Summary: Third in a series on "Who is this Jesus?" based on the 7 signs in the Gospel of John; the main emphasis is on becoming spiritually well.
THE MAN WHO MADE ME WELL
“Do you want to get well?”
A friend and I were talking some time ago and both of us agreed that it had been a long time since either of us had felt completely well. There was nothing seriously wrong with us, just a general weariness, sinus problems, and mysterious aches. It would just be nice to feel 100 % more often than not. Most of us over 30 feel that way and we seek out holistic or alternative remedies as a result.
For decades thousands of people trekked out to a place called Evan’s Plunge in South Dakota, believing that the mineral waters there had healing powers. Spend some time in the tepid waters and feel your problems wash away. Someone at some time must have claimed healing of something in those springs and a legend was born. Tests were done, however, and it was discovered that the waters contained no healing properties whatsoever.
Canadians are more likely to travel to Wattress, Saskatchewan to sit in those potent waters. Again the general feeling is that those waters can heal all kinds of ailments. Abe Esau’s mother slipped in the pool trying to help Abe get his own footing…she went under getting a nose-full. She found that this actually cleared her sinuses. I tried the same water and found it did nothing for me.
But we try these things because we want to be well. And we try a host of other remedies, herbal based, reflexology, stress management, kinesiology, homeopathy, diet, exercise…you name it. Many people are finding help in some of these alternative healing methods. But the remarkable thing about them is that people are discerning, more and more, that the actual healing is in none of them. They can remove some of the obstacles to healing. They can help to evoke it, but the healing itself is in the power of God.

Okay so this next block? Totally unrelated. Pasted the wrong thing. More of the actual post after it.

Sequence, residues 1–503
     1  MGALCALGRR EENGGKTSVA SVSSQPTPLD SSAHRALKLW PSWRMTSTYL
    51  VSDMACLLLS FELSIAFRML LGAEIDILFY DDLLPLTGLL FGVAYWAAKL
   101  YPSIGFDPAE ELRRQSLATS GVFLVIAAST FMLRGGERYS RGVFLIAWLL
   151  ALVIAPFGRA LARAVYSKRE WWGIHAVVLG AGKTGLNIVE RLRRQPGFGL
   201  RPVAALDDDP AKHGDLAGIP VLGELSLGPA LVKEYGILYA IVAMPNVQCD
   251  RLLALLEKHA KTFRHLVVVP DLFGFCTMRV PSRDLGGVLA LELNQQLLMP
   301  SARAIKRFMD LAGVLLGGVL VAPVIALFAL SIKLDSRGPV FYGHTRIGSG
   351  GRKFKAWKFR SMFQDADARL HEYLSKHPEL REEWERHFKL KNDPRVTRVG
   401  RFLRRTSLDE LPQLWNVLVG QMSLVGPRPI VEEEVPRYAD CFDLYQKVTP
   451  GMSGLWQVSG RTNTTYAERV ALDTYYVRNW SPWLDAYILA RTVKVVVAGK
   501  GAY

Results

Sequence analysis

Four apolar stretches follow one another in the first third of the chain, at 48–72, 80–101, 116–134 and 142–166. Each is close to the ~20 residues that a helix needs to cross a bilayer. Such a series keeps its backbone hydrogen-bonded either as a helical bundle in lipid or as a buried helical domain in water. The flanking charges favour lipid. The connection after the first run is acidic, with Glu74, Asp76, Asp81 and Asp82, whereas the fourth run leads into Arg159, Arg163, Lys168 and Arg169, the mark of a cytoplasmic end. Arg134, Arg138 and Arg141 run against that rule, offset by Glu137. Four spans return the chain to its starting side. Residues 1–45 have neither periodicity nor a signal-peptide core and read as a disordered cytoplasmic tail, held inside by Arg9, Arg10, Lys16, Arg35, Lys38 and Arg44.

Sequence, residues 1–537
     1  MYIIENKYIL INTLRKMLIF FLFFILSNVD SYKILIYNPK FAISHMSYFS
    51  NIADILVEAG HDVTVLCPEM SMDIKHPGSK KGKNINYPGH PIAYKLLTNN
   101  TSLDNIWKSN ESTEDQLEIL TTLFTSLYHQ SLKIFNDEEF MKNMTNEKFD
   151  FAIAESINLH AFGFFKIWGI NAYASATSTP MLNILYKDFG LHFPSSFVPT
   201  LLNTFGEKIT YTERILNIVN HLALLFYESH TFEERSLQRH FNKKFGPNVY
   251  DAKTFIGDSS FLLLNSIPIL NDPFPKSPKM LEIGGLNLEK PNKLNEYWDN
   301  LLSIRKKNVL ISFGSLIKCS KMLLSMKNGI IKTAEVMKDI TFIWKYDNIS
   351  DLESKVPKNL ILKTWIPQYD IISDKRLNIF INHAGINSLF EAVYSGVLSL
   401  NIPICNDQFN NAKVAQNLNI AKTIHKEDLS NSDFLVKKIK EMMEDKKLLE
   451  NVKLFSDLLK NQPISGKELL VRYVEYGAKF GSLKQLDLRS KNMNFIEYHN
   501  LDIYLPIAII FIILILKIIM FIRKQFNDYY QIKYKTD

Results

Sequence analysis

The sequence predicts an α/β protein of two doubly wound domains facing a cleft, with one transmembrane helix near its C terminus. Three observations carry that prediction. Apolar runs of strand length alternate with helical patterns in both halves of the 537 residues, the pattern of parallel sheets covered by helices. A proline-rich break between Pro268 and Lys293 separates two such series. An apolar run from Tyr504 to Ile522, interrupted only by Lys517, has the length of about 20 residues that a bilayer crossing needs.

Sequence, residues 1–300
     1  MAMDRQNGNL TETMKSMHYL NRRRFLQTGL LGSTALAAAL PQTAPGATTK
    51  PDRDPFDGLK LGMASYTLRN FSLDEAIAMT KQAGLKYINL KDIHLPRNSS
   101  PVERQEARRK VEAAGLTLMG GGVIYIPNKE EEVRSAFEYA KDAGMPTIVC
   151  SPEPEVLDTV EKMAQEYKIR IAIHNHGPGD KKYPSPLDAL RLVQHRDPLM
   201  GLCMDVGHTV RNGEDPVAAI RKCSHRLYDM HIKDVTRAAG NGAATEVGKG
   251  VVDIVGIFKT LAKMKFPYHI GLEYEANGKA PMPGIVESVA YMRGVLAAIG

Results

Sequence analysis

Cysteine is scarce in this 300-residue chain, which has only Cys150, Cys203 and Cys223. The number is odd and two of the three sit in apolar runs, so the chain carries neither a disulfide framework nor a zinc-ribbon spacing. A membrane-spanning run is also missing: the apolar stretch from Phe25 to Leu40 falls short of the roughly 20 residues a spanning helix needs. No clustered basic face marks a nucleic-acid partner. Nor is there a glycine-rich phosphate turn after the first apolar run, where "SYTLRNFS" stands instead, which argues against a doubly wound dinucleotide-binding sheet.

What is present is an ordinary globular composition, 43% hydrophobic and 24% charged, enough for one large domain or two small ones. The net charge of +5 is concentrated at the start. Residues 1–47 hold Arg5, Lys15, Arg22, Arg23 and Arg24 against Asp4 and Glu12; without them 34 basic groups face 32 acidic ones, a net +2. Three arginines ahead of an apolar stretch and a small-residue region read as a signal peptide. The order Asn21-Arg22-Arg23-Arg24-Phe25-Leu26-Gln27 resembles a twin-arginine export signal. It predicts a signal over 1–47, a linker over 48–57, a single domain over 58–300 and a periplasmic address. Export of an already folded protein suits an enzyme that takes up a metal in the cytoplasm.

Do you want to get well?
1. The Situation: Everyone is sick
The pool they called Bethesda in Jerusalem had a mystic aura that drew the sick, the lame, the blind and the paralyzed. Legend said that if a person could slip into the pool when the water mysteriously rose up, there was a good chance that person could be healed. It was said that an angel troubled the pool and created a source for healing.
Archeologists believe that they found this very pool in the 1960’s with its five colonnades. They also found that, like other pools in the area, that it was fed by an intermittent spring. At times water was released in surges from hidden reservoirs in the hills causing the pool to rise and fall suddenly. Here is where fact was overshadowed by superstition. Some people may have been healed there, but it only heightened the legend and the hopes of the ill.
Jesus walks into this situation and picks out one man who had been invalid for 38 years. He could have healed everyone there but he didn’t. Jesus goes to this man who is weak, feeble, and unable to stand, because of some wasting disease. Why this one man? Jesus was very intentional about this choice. He wanted to reveal something about himself.
We might surmise that he wanted to show us how God proposes to deal with human weakness and helplessness. This helpless man does symbolize us in a way. We can all see ourselves as weak in a sense, or helpless, or paralyzed by our pasts, our fears, unable to do the thing we want to with our lives. Everyone is sick in one way or another. How can Jesus help?
2. The Question: Do you want to get well?
“When Jesus saw him lying there and learned that he had been in this condition for a long time, he asked him, “Do you want to get well?”
“What a strange thing to ask! I am sitting here by this supposed pool of healing aren’t I? It’s been 38 years and I am sick of being sick. What do you think?” Why would Jesus ask this?
Obviously it was an important question. Do you want to get well? Many people honestly do not want to get well. They don’t want to be helped. Their helplessness gets them the attention they crave. Their weakness is their excuse for not taking responsibility or for helping others.
For this man being healed was frightful. He made a living out of begging. What would he do now if he could walk? Many of the homeless people we meet on the streets of Winnipeg actually make a good living through begging. It’s an art; it’s takes skill to score good dough. And some of those street people make more money than you do. They don’t want help, it would ruin business. They need help, but they don’t want it. The change is too difficult.